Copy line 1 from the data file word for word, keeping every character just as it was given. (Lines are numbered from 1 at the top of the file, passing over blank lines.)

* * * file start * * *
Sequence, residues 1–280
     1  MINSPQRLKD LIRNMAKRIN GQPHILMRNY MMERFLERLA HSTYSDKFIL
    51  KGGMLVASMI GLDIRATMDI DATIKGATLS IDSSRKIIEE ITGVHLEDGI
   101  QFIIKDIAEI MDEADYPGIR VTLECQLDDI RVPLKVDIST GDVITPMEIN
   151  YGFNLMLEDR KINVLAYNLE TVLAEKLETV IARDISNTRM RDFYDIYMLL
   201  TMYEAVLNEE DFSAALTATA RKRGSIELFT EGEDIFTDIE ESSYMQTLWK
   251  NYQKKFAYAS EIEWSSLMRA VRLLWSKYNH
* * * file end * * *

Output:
Sequence, residues 1–280